As indicated by the Figure, furosemide and its analogs (bumetanide or torsemide) interrupt resorption of sodium, calcium, and potassium in the distal renal tubule at the ascending limb of the loop of Henle at sites distinct from the thiazide-sensitive loci. These loop-active agents have a short duration of action and, for treatment of hypertension, must be given twice daily. Renal insufficiency reflected by reduced creatinine clearance limits the effectiveness of thiazide-type diuretics. In contrast, furosemide is highly effective despite renal impairment, although high doses are often needed when serum creatinine increases. The loop-active diuretics may cause hypokalemia, which can be countered by potassium supplementation or potassium-sparing diuretics. Close monitoring of serum potassium is necessary in these circumstances. Unlike the thiazide-type agents, the loop-active diuretics increase calcium excretion and can reduce serum calcium as a treatment for hypercalcemia.
Potassium-Sparing Diuretics: Mineralocorticoid Antagonists and Sodium Channel Antagonists
Spironolactone, an inhibitor of the mineralocorticoid receptor, has been used for many years. Although once quite popular, especially in combination with a thiazide diuretic, spironolactone nearly fell out of view (except for its use as a medical treatment for primary aldosteronism) until it was resurrected for its value in the treatment of congestive heart failure. As indicated by the comments related to our case study, spironolactone can be highly effective in many patients with refractory hypertension in combination with a thiazide-type diuretic and can correct hypokalemia as well. However, gynecomastia is a limiting adverse reaction for men treated with spironolactone because of the antiandrogen effect of this drug. Premenopausal women treated with spironolactone may develop menstrual irregularities, so that spironolactone is most likely to have sustained acceptance only by postmenopausal women. Eplerenone has recently been developed as a selective mineralocorticoid antagonist whose adverse effect profile is far more acceptable to a broader range of patients compared with spironolactone.8 Eplerenone should be considered an alternative for those who have a good clinical response to spironolactone but who develop unacceptable adverse reactions.
Amiloride and triamterene are also customarily used drugs that inhibit the epithelial sodium transport channel (ENaC) of the collecting duct. The overall activity of this channel is controlled by the action of aldosterone. The ENaC inhibitors reduce potassium excretion as a consequence of their inhibition of the ENaC in preventing sodium resorption. The ENaC inhibitors have, in general, a minimal effect on blood pressure as monotherapy and are most effective for their potassium-sparing effects. The combination of a thiazide-type diuretic and amiloride (Co-amilizide) as initial treatment has been directly compared in a large randomized outcome trial (INSIGHT) with the long-acting calcium channel blocker, nifedipine GITS. The results of this trial found no statistically significant difference between the two treatments. However, a nonsignificant trend favored the diuretic combination.9 It is likely that, in the United States, the combination of a thiazide-type diuretic and a potassium-sparing agent, such as amiloride (which is a very-well-tolerated, inexpensive, and generic drug), is underused.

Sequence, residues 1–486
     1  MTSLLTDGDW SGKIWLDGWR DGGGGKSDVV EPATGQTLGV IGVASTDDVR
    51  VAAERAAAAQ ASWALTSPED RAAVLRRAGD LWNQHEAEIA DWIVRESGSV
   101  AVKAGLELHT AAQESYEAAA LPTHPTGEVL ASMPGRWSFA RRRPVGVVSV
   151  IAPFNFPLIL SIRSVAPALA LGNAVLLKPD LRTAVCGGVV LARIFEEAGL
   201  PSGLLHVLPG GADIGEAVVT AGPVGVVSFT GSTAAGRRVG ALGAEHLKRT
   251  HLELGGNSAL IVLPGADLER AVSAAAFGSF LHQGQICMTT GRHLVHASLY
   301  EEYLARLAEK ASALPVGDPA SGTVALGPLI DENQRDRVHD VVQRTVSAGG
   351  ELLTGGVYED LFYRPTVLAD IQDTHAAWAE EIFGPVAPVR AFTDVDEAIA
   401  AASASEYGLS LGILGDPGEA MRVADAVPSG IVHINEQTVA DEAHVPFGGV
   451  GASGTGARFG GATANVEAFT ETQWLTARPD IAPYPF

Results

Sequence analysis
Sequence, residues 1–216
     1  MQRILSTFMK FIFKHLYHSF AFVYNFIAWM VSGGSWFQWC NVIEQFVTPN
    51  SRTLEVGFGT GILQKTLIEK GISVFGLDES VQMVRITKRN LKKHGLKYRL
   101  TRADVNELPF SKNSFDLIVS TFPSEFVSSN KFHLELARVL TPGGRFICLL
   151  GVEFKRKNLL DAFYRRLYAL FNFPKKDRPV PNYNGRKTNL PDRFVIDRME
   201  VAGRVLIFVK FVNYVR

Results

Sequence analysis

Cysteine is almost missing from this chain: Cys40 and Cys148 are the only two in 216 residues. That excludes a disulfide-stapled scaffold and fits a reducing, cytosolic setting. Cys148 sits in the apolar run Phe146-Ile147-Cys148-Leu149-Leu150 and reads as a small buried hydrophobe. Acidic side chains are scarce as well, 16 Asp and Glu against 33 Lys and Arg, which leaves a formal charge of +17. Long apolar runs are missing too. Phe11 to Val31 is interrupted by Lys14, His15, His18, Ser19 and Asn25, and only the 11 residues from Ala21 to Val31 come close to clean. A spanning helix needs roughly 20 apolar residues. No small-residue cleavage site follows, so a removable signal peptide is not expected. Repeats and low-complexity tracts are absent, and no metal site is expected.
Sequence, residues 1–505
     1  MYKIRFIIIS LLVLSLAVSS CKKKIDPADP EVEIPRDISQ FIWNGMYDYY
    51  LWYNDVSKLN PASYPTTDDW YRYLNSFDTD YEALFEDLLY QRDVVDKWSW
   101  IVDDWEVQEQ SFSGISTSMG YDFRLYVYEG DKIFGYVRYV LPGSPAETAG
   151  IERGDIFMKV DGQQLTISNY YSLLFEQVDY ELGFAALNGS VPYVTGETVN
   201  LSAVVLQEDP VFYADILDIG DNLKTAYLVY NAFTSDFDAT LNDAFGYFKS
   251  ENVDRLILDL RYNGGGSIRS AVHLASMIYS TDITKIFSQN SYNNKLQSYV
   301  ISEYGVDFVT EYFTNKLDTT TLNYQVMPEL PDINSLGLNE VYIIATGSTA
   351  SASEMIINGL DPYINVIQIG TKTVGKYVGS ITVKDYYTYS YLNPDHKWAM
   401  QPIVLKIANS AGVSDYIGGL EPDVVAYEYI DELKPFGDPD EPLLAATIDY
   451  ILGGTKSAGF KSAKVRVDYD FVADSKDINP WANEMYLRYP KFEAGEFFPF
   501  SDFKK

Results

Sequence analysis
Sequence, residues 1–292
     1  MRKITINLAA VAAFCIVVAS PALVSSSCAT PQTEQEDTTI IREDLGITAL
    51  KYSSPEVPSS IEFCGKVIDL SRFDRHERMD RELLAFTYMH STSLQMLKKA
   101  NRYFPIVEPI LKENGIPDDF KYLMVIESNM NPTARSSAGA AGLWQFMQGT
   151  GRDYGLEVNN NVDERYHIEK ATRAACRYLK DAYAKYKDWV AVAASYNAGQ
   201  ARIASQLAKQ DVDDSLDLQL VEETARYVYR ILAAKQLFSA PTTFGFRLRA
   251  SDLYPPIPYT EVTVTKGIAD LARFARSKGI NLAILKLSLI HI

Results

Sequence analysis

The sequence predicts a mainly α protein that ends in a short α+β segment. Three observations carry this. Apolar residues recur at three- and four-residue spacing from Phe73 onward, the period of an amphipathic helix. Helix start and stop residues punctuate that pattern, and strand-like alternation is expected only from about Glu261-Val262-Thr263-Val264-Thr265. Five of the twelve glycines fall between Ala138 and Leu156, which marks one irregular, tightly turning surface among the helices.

Rarely, salt-sensitive hypertensives may have gain-of-function mutations of the ENaC, resulting in an autosomal recessive trait (Liddle’s syndrome), which conveys a curative role for amiloride in this setting. It has been suggested that heterozygotic patterns may account for salt-sensitive and amiloride-responsive hypertension in some larger population groups.10
Contrary to the rumors of only a few years ago, diuretics have not fallen into disuse but have a highly important and multifaceted role to play in the treatment of hypertension. Identifiable but large subgroups within the hypertensive population (isolated systolic hypertension of the elderly and African-American hypertensives) are those for whom diuretic treatment as initial management may achieve the most benefit. Combinations of the thiazide-type and potassium-sparing subclasses may be highly effective, providing nearly optimal therapy for some, and might be considered more often in the treatment of hypertension.
Calhoun DA, Nishizaka MK, Zaman MA, Thakkar RB, Weissman P. Hyperaldosteronism among black and white subjects with resistant hypertension. Hypertension. 2002; 40: 892–896.
Wright JT Jr, Dunn JK, Cutler JA, Davis BR, Cushman WC, Ford CE, Haywood LJ, Leenen FH, Margolis KL, Papademetriou V, Probstfield JL, Whelton PK, Habib GB. Outcomes in hypertensive black and nonblack patients treated with chlorthalidone, amlodipine, and lisinopril. JAMA. 2005; 293: 1595–1608.
Weinberger MH, Roniker B, Krause SL, Weiss RJ. Eplerenone, a selective aldosterone blocker, in mild-to-moderate hypertension. Am J Hypertens. 2002; 15: 709–716.
Brown MJ, Palmer CR, Castaigne A, de Leeuw P, Mancia G, Rosenthal T, Ruilope LM. Morbidity and mortality in patients randomised to double-blind treatment with a long-acting calcium-channel blocker or diuretic in the International Nifedipine GITS study: Intervention as a Goal in Hypertension Treatment (INSIGHT). Lancet. 2000; 356: 366–372.
Baker EH, Duggal A, Dong Y, Ireson NJ, Wood M, Markandu ND, MacGregor GA. Amiloride, a specific drug for hypertension in black people with T594M variant. Hypertension. 2002; 40: 13–17.